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Wednesday, June 4, 2008

Last Chance to See

Last Chance to See by Douglas Adams and Mark Carwardine and is a rather slim volume, weighing in at just over 200 pages, that chronicles their adventures as the travel the world in search of endangered species.

For those who - like me - do not recognize the name Douglas Adams, he's the guy who wrote The Hitchhiker's Guide to the Galaxy. That alone would be a reason for me NOT to read this book. I'm sorry, I TRIED to read that book but I just couldn't get into it. In fact, I hated it. Sorry, Hitchhiker fans.

But of course, I DID read Last Chance to See and it's all because of Nymeth's wonderful review. In it she explains that "This is a funny, passionate, informative and important book. It’s also very touching at times. It’s a book that makes you care." Add that to all the other great things she says about it and I just had to read it (and so, it counts toward the Irresistible Review Challenge - woohoo!).

So now, about the book. Adams, who has no experience with zoology, endangered species, etc., was asked by the BBC to travel the world to do radio broadcasts on several endangered species (keep in mind that this was in the 1980s). Reading his story was fantastic! Imagine a regular guy plopped in the middle of a jungle/savannah/forest and told to look for a creature that spends its life hiding. Add to the mix a dry sense of humor and a touch of sarcasm, and you've got Last Chance to See.

After finishing the book, I wanted to know what's going on with these animals today. So, like Nymeth, I did a bit of digging around, and here's what I came up with:

Aye-Aye - it's estimated that there are about 100 in the wild

Northern White Rhino - population was up to 30, but recent poaching brought that number down

Kakapo - the population is up to 62 now (update: thanks to one of my commentors, I can say the kakapo population is up to 91!)

Komodo Dragon - there are 3,000-5,000 now

Rodriguez Fruit Bat - still endangered, but there are now approx. 1,000 of them (if you recall from here, I just LOVE bats! they are so cool!)

Baiji River Dolphin - sad to say, it's believed to be "functionally extinct" ... although there may be a few left

Mountain Gorilla - there are about 700 left

Pink Pigeon - wild population = 21 ... captive population = 180

Echo Parakeet - now about 320 in the wild

Another Chance to See is a fabulous website that stemmed from this book. You can get updates on the animals above and also on a variety of other endangered species. I checked it today and there's an announcement about a new species of river dolphin just identified - wow.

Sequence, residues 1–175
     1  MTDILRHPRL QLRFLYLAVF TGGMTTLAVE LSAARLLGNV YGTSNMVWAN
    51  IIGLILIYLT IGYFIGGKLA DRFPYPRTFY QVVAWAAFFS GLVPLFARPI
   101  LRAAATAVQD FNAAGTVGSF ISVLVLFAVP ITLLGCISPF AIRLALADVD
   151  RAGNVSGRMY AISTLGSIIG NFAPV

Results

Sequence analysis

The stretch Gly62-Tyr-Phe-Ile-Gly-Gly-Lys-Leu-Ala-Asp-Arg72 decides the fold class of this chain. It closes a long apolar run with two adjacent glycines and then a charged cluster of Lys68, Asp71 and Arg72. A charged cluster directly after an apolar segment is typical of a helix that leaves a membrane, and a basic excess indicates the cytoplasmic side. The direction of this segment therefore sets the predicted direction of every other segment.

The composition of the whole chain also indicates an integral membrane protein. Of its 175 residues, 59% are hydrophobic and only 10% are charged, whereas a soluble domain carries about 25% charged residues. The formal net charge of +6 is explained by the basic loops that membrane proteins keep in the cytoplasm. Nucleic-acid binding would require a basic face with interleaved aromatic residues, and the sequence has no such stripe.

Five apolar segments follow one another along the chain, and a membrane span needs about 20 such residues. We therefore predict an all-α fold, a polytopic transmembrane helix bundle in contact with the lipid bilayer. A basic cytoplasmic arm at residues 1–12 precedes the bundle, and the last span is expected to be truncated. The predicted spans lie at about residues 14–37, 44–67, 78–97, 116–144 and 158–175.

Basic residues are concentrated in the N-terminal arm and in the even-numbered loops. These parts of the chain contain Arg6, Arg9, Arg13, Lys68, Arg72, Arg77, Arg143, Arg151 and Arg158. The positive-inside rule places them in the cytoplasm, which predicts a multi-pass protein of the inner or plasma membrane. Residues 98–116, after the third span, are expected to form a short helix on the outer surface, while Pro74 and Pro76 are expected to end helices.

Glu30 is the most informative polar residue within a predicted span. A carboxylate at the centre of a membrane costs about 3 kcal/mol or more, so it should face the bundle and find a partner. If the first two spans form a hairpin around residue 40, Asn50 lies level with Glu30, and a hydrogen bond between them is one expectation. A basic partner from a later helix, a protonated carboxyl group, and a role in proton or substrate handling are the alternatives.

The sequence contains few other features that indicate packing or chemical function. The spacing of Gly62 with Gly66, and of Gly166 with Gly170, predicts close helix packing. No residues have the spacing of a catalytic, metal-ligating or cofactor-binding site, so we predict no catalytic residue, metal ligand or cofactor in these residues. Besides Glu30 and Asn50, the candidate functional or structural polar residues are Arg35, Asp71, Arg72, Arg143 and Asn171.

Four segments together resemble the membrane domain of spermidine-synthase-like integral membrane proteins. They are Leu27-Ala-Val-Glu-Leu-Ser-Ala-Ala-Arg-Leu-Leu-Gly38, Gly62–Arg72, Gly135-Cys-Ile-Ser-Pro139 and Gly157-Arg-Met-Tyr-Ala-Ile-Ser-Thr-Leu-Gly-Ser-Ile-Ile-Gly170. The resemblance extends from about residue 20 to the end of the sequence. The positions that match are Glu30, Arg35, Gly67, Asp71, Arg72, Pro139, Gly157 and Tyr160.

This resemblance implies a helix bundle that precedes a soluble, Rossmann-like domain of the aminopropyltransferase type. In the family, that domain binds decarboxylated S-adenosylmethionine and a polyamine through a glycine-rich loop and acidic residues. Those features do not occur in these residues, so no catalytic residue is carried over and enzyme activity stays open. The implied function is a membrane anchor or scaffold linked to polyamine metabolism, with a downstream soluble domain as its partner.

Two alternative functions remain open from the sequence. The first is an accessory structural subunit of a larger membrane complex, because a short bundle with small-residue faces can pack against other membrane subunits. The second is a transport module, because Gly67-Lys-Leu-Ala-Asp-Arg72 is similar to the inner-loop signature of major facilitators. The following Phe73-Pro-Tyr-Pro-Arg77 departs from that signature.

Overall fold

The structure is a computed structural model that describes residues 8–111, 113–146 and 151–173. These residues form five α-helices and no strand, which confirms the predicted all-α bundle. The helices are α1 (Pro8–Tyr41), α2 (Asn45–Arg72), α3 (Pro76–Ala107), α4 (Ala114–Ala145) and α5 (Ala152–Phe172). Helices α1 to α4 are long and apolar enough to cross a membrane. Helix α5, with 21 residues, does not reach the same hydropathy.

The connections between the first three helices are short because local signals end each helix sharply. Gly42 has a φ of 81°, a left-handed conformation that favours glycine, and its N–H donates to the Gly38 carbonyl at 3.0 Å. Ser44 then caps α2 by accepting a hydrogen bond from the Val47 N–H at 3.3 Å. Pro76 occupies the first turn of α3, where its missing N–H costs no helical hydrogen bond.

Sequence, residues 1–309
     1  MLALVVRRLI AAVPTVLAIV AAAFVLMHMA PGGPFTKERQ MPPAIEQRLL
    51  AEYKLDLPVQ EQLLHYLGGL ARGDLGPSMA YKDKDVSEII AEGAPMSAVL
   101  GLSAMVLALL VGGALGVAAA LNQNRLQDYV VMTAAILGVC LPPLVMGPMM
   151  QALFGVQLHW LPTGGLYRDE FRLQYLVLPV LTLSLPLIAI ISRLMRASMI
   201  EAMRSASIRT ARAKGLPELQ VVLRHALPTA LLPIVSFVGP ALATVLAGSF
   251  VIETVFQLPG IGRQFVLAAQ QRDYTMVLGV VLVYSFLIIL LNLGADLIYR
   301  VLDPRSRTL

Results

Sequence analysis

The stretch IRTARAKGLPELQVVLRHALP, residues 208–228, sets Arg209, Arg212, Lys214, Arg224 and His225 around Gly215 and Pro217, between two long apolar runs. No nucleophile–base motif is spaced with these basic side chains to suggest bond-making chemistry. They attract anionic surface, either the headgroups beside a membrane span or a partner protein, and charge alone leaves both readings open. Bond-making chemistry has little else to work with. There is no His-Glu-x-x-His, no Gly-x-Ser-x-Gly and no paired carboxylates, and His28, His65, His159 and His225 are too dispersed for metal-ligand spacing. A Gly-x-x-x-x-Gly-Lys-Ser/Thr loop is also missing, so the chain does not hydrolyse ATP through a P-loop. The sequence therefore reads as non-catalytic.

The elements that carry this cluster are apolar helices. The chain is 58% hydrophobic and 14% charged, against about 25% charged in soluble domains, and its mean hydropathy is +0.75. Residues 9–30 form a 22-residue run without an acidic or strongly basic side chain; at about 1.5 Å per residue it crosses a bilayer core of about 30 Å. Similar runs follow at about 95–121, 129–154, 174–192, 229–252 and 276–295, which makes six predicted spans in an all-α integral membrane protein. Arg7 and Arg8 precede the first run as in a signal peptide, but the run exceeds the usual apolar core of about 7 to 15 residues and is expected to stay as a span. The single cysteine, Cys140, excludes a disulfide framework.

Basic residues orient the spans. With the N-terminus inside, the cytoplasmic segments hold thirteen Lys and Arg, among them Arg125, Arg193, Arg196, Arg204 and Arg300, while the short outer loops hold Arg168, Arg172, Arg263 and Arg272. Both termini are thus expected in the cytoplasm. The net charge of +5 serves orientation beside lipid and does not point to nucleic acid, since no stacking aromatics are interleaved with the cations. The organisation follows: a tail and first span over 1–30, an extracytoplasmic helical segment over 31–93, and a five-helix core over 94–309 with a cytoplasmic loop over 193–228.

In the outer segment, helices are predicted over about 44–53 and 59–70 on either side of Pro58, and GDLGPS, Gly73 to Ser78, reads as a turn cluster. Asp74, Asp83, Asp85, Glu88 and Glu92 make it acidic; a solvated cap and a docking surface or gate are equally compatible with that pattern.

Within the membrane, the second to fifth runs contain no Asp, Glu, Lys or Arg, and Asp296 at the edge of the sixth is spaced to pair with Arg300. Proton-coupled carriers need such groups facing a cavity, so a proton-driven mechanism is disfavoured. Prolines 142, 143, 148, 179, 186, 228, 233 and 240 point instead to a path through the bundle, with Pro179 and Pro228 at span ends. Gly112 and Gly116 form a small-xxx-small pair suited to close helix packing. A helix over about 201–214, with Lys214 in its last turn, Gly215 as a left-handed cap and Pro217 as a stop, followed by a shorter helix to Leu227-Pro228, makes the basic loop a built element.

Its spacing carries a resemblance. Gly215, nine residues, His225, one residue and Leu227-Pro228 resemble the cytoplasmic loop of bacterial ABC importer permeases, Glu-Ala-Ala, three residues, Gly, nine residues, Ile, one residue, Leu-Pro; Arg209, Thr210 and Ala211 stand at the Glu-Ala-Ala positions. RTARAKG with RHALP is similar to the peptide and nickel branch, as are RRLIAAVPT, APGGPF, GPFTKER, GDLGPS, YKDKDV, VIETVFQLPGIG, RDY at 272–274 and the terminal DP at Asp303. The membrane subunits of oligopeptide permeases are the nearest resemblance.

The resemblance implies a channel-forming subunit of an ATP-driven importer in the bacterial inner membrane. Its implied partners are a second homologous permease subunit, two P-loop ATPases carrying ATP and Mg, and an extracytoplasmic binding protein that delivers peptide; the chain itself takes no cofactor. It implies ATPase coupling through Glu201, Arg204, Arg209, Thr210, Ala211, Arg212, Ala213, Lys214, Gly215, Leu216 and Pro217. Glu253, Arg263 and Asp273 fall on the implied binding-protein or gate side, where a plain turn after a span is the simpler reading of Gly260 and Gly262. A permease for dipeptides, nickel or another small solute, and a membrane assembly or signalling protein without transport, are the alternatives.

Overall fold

I highly recommend this book, despite the fact that it is somewhat out of date (it was published in 1990). Using humor and personal experiences Adams brings you along on his journey and without preaching at you, makes you care about the animals and the people fighting to protect them.

If you've read/reviewed this book, please let me know so I can include your link in this post.


justareadingfool said...

You hated Hitchhiker's? Oh, my. I don't know if I can read your blog anymore....just kidding, of course...this book sounds like it would be very interesting to check out. Thanks for pointing us in directions we might not have thought of going before --well, at least, pointing me ;) in a direction I might not have thought of going.

Gareth said...

Thanks for the link, and apologies for not having time to analyze your findings closer.

But I would point out that we were out 86 kakapo for a long time. One older kakapo died earlier this year to put us down to 85, but then we had 7 new chicks hatched this year. Unfortunately one of those chicks died too, so by my reckoning we're currently on 91.

See my recent post here.

Heather Johnson said...

justareadingfool - Yeah, I know ... I really should try it again b/c it is one of those books that it seems logical I would like. Maybe I'll give it a try this summer ...

gareth - thanks for dropping by! I'm glad I found your site ... it was a bit difficult finding recent stats on these animals on the net. Be sure I'll be dropping in to check up on things from time to time.

thebluestockings said...

I have to say, I couldn't get into Hitchhikers either. (Though, I must admit I didn't give it much of a chance.) I'm a new reader of your blog and am enjoying it very much.

Nymeth said...

On behalf of all Hitchhiker's fans out there, I forgive you :P

What an excellent post! I love how you included pictures of the animals and a link to Another Chance to See. And I'm happy to hear that you were as impressed with the book as I was!

Heather Johnson said...

thebluestockings: I'm glad you're enjoying it. I wish other new readers would let me know that they're here ... it's nice to know you're out there.

Nymeth: Thanks for the great recommendation. I never would have picked this book up without your review.

Darla D said...

I had heard great things about this book, and Nymeth's review intrigued me, and now I give up - I absolutely must read it. Great review!

Beth A. said...

I read Last Chance to See in high school and just loved it. It's nice (although occasionally depressing) to be able to see how the animals are doing 15 years later - thanks for looking it up!

I've always been a Hitchhiker's fan, but I can understand how you could find it hard to get into. The silliness can be a bit aggressive at times. You might try listening to the radio series - I've always liked it a lot more than the book and the humor comes off a lot better when it's being conveyed by actors.

Becca said...

I LOVE that you include information about how many of each animal is left in the wild! What a great review. I've linked to you from mine. Thanks for telling me about it!

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